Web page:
With Leah’s acceptance letter came an Acadia University student number. When she accepted Acadia’s offer (which, of course, she did online), she was asked to input her student number. Within seconds of doing that, she received a reply back welcoming her into the Acadia University family. Since that day, she has been invited to apply for residence and has been added to the university email programme. Almost every day now she has been able to be a fly on the wall of university life at Acadia. Because of this email access, she is getting a sneak peak at how her year at university will probably unfold for her next fall. She is learning when certain celebrations happen. She is learning about various student services that are available such as health care, bus passes, food plans, etc. In fact, because the Internet is such a handy tool, Leah has been able to virtually travel from her campus to shopping centres in a nearby town to make sure she knows what stores, banks, etc. are available to her beyond what she can walk to in her small university town of Wolfville. She will be well prepared for what awaits her next year. In many ways, it is completing grade twelve here at home that is the dreamlike experience.
Kids today are very lucky to be able to access information that is important to them in an easy and timely manner. While Leah did have several chats with guidance teachers at her high school, for the most part her research was conducted at our dining room table. She is connected to the university 24/7 via her laptop computer and via her portal pocket computer that she calls a phone. I often chuckle to myself when I think of how technology is interwoven into every aspect of Leah’s life compared to when I was her age. We had no computers. The internet didn’t exist. A phone was something that was attached to the wall of your house and was connected by a long cord. There was no GPS tracking device in my back pocket when I went outside to play or to roam around. The only tracking device that existed in those days was the network of mothers who would watch us from their windows as we played. If we were getting into mischief that we weren’t supposed to, a phone call would be promptly made. It always amazed me how my mother would already know so much about what I had been up to before I had even walked in through the front door.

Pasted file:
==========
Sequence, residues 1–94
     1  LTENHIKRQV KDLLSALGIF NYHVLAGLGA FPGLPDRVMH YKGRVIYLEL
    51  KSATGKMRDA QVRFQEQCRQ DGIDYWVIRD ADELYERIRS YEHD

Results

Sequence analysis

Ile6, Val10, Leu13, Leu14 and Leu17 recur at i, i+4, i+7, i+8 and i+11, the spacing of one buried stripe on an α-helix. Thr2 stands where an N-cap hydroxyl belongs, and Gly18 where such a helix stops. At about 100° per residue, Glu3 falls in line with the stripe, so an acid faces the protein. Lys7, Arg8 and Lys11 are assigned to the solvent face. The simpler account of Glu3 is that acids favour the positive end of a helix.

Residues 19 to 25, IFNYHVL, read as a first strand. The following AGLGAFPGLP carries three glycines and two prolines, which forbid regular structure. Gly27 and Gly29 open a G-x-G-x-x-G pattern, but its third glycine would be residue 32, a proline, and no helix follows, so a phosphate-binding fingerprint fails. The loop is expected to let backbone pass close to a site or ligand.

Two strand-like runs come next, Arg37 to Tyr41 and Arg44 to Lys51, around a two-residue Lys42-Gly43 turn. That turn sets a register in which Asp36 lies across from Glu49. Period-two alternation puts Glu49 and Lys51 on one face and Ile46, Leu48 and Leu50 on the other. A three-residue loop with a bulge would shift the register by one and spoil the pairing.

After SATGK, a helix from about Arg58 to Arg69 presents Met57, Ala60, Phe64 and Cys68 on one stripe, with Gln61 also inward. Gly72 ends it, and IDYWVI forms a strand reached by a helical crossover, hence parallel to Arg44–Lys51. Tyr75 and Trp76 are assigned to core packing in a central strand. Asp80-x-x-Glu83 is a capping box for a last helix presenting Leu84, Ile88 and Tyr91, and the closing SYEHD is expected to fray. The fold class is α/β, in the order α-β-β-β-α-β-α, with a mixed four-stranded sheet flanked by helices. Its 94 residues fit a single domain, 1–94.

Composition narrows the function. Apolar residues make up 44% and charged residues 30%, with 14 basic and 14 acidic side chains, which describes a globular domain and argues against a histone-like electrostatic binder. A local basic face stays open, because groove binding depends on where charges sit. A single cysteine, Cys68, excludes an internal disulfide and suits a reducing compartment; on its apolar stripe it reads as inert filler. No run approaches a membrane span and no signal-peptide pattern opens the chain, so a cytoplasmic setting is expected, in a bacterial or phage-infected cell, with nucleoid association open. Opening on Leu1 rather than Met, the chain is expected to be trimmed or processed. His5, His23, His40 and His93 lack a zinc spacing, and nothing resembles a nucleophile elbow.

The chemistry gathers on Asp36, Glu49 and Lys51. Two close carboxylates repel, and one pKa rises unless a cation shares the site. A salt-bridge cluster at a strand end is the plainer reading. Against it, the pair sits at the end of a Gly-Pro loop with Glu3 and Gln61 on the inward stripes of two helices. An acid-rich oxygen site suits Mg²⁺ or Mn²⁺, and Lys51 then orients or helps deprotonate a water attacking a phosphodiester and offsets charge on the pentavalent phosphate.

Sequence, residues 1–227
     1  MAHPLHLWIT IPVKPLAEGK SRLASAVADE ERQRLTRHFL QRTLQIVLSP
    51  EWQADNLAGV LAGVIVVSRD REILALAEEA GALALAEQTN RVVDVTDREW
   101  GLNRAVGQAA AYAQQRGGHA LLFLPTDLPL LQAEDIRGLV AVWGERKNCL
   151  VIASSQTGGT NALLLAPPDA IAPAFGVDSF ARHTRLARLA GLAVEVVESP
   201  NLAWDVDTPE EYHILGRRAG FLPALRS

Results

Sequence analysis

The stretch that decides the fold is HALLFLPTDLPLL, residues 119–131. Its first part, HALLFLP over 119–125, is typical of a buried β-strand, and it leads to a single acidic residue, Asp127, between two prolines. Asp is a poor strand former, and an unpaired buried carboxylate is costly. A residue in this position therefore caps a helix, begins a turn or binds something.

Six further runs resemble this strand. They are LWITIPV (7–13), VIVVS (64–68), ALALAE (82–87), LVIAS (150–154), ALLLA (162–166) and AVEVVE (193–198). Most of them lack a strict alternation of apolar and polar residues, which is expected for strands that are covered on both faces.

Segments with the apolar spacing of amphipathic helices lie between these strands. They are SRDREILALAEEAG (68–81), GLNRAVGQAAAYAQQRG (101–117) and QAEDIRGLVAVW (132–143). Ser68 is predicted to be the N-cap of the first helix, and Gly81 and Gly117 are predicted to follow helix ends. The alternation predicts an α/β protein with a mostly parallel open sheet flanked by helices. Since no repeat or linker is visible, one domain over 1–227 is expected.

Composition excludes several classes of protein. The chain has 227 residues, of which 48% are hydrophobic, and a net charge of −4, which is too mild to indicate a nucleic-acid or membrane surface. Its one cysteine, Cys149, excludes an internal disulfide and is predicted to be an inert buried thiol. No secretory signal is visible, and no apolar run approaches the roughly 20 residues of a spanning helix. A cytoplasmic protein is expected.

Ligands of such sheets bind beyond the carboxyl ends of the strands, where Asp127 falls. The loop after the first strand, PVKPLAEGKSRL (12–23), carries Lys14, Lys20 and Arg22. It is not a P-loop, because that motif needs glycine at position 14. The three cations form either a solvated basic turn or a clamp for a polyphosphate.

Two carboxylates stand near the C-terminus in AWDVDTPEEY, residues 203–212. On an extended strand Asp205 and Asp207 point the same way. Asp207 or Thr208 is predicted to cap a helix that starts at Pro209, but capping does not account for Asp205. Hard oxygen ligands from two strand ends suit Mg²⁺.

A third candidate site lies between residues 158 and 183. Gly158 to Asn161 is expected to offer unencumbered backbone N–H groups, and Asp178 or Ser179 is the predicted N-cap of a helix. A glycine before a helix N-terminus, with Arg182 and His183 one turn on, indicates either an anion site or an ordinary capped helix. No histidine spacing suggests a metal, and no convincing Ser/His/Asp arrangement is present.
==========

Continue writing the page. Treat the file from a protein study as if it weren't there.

But as we all know, having such complete and total access to technology is a seductive drug. In the case of Leah’s university experience, having access to technology made the process very simple. I find technology to be a wonderful way for me to write my stories and get them out to the world quickly and easily. I find technology very helpful when it comes to making travel arrangements for when I go and see my family back home. There are a seemingly endless amount of advantages to using technology to make our lives easier. However, the one thing about it is how dependent we have become. I wouldn’t say that we are actually addicted to using technology but have you ever tried going an entire day without picking up a device of some sort and checking in your emails, texts, social media accounts, sports scores, listening to music, banking, shopping and so much more?! If you manage to unplug for a while, the world around you seems so much quieter. You can actually get a lot of things done. It is really something to plug back into the rhythms of the real world. It may be a bit of a sad commentary on the state of my own life to say that I enjoy getting outside and mowing my lawn or digging in our gardens or shopping for groceries at the grocery store. Sometimes my wife feels guilty asking me to run errands during the day but I find that it is nice to get out and about. Conversely, it is far too easy to sit down and stare at a screen. As someone who regularly spends five to six hours per day online, I am as guilty as anyone for being hooked on technology. As comedian Jerry Seinfeld so famously exclaimed on TV, “We can’t help ourselves! It’s part of our lifestyle.” And so it is.
I will end this post here for today. I will have more to say about technology and about information, in general, tomorrow and in the coming days. I thank you for reading my words. I will see everyone tomorrow. For now, I am going to turn off my screen and see what today has to offer. Bye for now.
The link to the official website for Acadia University can be found here.